Below the pressure gauges are rows of little pipe fitting drawers.
This old ward, not a victim of remodeling, still has metal screens over the open windows of the doors. It should be obvious why glass were not used.
The steam plant could be vertically traversed with this one-man belt driven elevator.
Although the caves deviated little in their year-round temperature, it was common to use blocks of ice to cool beer immediately before shipment. This is the ruins of the ice chute.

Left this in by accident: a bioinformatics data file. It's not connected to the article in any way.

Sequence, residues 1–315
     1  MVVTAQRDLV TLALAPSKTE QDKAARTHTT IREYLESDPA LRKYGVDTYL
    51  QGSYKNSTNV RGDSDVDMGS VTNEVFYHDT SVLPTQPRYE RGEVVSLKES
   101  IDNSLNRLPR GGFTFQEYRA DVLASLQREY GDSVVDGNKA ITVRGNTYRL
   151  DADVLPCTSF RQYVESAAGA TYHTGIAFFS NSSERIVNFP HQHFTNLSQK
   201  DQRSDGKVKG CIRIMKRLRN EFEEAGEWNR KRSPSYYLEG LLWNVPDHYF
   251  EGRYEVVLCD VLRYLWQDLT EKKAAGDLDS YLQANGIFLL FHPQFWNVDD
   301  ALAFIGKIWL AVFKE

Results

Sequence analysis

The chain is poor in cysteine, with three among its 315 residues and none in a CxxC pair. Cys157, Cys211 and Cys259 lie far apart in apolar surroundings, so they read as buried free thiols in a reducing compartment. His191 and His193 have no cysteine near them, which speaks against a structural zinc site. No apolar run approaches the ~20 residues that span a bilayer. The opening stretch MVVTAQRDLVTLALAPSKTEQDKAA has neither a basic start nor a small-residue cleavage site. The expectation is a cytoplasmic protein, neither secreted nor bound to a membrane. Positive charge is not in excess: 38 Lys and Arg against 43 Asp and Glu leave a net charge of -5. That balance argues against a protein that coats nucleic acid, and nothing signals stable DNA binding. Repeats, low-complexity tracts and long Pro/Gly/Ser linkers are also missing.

Not ghosts. Slow-moving explorers’ shadows create a ghostly effect in the ‘Old Ward’–the second floor of the Service Building.
Go on and jump in, if you want, there’s even a ladder to climb out.
In a now-demolished building, a skylight begins to separate.
One of the hundreds of wells across the depot, as seen through an open rail door. In the distance, the radome.
Between the ice chute and the back of the north section of the cellars, a little pillar shows where a room used to be. The ceiling’s disintegration has since filled the space, which seems to be the last point of expansion in the cave–this was last carved in the mid-1840s.